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Voro’pi: An Encounter with Naine Terena, Gustavo Caboco, and Jamille Pinheiro Dias Panel

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1:00 pm | 2/17/2023 | 142 Dwinelle Hall | Until 3:30 pm | 2/17/2023

The Terena, an Indigenous people living in Brazil, teach us that Voro’pi is an entity that roams the cosmos through groundwater, safeguarding visible and invisible riverbeds. In response to improper human interference with the flow of water, Voro’pi can cause storms, floods, and other water-related events. Voro’pi seeks fairness. He empowers those who can appreciate the balance between worlds. Bearing the name of Voro’pi, this event will bring together Indigenous perspectives in transit to consider how aesthetics can help educate the senses to fight structural inequality, generate counter-histories, and make still water move.


Naine Terena lives and works in Cuiabá, Mato Grosso, in the Center-West of Brazil. She is an Indigenous researcher, educator, artist and curator from the Terena people. She is currently a researcher at Pinacoteca de São Paulo, Brazil, where she works on the project Decay Without Mourning – Future Thinking Heritage Practices,” funded by the Riksbankens Jubileumsfond. She also teaches Cultural Management at Instituto Itaú Cultural in São Paulo. She holds a PhD in Education from the Pontifical Catholic University of São Paulo (PUC-SP), a MA from the University of Brasília (UnB), and a degree in Radio from the Federal University of Mato Grosso (UFMT). In 2019, she participated in the Verbier Art Summit in Valais, Switzerland. She was the curator of “Véxoa: We know,” which opened in October, 2020, and was the first exhibition to be curated by an Indigenous person at Pinacoteca de São Paulo.
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Gustavo Caboco is one of the most prominent figures in contemporary art in Brazil. He is the son of Lucilene, a Wapichana woman who was separated from her people in the Canauanim community, in Cantá, in the state of Roraima, in the Brazilian Amazon, near the border with Guyana. Born and raised in Curitiba, in southern Brazil, where his mother settled after successive adoptions, Caboco gradually reframed his identity by learning from his family about his ancestry. His investigation centers around what he refers to as a “return to the land” and translates into drawings, paintings, embroidery, animation, and performance. Returning to the land, though, does not mean simply going back to Roraima; it means connecting dots that are seemingly invisible. In his works, bodies are twisted, split, and turned into different parts, while also standing upside down, rooted in earth. He critically engages with archives and museum collections that portray Indigenous peoples, exposing exotifying stereotypes and racist approaches in visual narratives. Caboco participated in the 34th Bienal de São Paulo with a variety of works, and was a PIPA Prize 2022 nominee.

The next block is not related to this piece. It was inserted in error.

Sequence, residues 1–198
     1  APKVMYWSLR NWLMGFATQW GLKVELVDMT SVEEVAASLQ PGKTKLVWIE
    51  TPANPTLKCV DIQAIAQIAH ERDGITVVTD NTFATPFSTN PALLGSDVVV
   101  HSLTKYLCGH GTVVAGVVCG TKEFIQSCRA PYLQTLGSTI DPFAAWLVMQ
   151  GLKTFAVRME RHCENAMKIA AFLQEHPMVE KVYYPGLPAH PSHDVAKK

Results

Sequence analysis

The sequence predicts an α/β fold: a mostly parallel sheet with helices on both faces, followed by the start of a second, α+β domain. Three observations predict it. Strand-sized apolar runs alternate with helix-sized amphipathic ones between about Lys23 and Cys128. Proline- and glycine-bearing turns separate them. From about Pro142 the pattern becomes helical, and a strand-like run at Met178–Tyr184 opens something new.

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Jamille Pinheiro Dias was born in Belém, in the Brazilian Amazon, in 1983. She is a lecturer in Environmental Humanities at the University of London and will be in the United States as a von der Heyden Fellow at Duke University. She was previously a research associate at the University of Manchester, where she worked on the Cultures of Anti-Racism in Latin America project, and a visiting researcher in Iberian and Latin American Cultures at Stanford University. Her interests involve Amazonian cultural production, Indigenous praxis and conceptual frameworks, environmental issues, and translation and activism in Latin America, with a focus on Brazil. Besides research and teaching, she has translated works by Ailton Krenak, Judith Butler, bell hooks, and Luiz Inácio Lula da Silva, among others.
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Hosted by the Center for Latin American Studies and cosponsored by the Pheobe A Hearst Museum of Anthropology, the Arts Research Center, the Department of History of Art, and the Spanish & Portuguese Department.

Event Contact: CA, sends e-mail), 5106422088

Access Coordinator: Janet Waggaman, sends e-mail),  510-642-2088

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